The Skyline Drive Scenic Highway stretches 105 miles through Shenandoah National Park, situated in Virginia's Blue Ridge Mountains.
The road offers amazing views in all directions, but those views come in the form of several categorized climbs and, from north to south, an elevation gain of nearly 15,000 feet. So for experienced and advanced road cyclists, the road is one of the best places to ride on the east coast of the United States.
What Makes It Great
From north to south, there are 18 categorized climbs. Two are Cat. 2s, seven are Cat. 5s, and the others are Cat. 3s and 4s. From the south, the road climbs roughly 13,400 feet over 19 categorized climbs. Riding on this road is not for the average cyclist.
Starting from the north is a good spot if you live in or are staying near the Washington, D.C. area. Front Royal, Va. serves as the starting point, and from there you'll climb more than 1,500 feet over about six miles as you make your way to the ridgeline. After a 2-mile downhill, the road pitches up and down again three more times before a big downhill of almost five miles.
The next 80 miles follow a similar pattern, with short climbs, descents, and not much level road. There are 75 scenic overlooks dotting the road, so take some breaks and snap some pictures.
From the south, Skyline Drive starts at Rockfish Gap near Lyndhurst, Va., and has another jagged profile. It also starts 1,200 feet higher above sea level, so there's not as much climbing at the start. Still, your legs will feel every mile of this road.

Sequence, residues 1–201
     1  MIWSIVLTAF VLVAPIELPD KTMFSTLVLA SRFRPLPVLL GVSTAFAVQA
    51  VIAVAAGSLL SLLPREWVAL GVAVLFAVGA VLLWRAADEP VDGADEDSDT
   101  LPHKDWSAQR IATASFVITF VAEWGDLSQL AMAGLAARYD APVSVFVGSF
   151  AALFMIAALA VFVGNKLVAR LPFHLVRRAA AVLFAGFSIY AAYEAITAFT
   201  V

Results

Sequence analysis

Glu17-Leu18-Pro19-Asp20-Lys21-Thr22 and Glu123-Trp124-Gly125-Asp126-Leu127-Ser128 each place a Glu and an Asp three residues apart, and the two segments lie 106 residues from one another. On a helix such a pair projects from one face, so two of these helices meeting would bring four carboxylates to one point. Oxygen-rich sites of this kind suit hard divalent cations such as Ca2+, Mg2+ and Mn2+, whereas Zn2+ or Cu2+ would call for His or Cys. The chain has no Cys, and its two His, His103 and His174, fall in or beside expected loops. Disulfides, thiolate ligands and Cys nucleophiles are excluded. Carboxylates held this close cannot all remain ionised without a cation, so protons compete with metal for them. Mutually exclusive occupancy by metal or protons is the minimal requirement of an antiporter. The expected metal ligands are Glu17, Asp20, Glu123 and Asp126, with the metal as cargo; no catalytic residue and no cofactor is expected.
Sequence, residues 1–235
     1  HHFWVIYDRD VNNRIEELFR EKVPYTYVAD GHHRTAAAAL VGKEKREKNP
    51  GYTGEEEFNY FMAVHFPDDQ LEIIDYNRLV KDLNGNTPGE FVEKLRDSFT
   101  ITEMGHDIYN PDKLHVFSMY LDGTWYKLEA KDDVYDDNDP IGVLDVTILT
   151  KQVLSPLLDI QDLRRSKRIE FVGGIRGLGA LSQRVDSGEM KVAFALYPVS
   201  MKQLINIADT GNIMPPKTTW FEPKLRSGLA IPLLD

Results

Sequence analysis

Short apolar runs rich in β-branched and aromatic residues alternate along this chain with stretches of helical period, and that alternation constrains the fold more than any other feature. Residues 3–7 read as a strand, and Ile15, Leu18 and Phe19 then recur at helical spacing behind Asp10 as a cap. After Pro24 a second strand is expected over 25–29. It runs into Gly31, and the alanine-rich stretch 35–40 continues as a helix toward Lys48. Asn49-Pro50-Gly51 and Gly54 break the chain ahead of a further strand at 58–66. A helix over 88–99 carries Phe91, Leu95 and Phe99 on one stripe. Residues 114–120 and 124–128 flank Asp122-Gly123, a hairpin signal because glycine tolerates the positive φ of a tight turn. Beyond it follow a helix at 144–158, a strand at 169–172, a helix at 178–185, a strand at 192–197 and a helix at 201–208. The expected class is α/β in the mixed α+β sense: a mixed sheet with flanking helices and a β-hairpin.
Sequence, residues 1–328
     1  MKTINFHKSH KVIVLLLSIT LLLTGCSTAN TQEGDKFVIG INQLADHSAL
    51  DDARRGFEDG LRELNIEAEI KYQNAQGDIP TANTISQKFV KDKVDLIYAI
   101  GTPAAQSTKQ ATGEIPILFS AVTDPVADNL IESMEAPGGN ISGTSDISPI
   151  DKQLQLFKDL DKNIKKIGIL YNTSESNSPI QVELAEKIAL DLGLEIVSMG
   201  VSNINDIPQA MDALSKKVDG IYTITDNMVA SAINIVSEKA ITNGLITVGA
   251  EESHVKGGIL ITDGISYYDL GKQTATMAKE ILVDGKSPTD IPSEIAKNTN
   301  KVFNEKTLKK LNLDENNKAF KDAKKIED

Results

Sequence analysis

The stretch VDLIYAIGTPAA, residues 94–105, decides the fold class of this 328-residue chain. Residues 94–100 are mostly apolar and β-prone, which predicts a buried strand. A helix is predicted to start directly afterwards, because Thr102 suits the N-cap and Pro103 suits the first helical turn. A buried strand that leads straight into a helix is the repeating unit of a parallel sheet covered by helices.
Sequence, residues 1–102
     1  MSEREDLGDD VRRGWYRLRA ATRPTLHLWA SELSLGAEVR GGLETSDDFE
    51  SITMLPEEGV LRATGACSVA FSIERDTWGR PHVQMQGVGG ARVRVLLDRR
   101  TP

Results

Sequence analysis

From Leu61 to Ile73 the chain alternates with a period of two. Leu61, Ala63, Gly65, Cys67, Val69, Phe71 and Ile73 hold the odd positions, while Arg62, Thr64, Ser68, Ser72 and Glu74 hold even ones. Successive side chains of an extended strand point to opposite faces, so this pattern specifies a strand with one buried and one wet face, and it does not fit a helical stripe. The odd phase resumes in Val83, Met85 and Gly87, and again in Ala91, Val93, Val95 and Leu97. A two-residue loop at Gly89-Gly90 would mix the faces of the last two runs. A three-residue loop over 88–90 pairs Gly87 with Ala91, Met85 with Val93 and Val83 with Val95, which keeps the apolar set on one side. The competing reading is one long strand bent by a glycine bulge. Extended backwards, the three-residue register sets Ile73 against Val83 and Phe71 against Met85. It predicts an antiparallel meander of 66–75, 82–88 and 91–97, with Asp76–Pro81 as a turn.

Your best bet is to use a compact crank with a 50x34 chainring combination, or at least a mid-compact of 52x36. A standard crank (53x39) might leave your legs worn out halfway through the ride.
If you don't want to do the whole road and feel like branching off, there are crossing roads at miles 31.4 (from the north), Thornton Gap, and mile 65.6 (from the north), Swift Run Gap.
Who is Going to Love It
Advanced road cyclists looking for a challenge. This road is not for inexperienced riders or riders who don't have good climbing legs. Riding the entire length of Skyline Drive is a sufferfest, so come prepared with plenty of nutrition, hydration, and a properly equipped bike.
It might be a good idea to have a buddy or a family member in a car meet you at certain points to check in with you and to give you some fuel. Another good option is breaking the ride into two days and staying at one of the several lodges along the route.
Directions, Parking, & Regulations
To reach the north entrance of Skyline Drive, take Interstate 66 west to exit 6, Rte. 340 south toward Front Royal. Posted signs will guide you to the entrance. If you're starting at the south end, take Interstate 64 west to exit 99, and then follow the signs to the Shenandoah National Park entrance.
From March-November, bikes pay $8 to enter Shenandoah National Park. There are different fees for motor vehicles, depending on the type of vehicle and the length of the pass. Consult nps.gov/shen for more information.
Skyline Drive may close during inclement weather. Call the recorded information line if you are concerned: (540) 999-3500, 1, 1.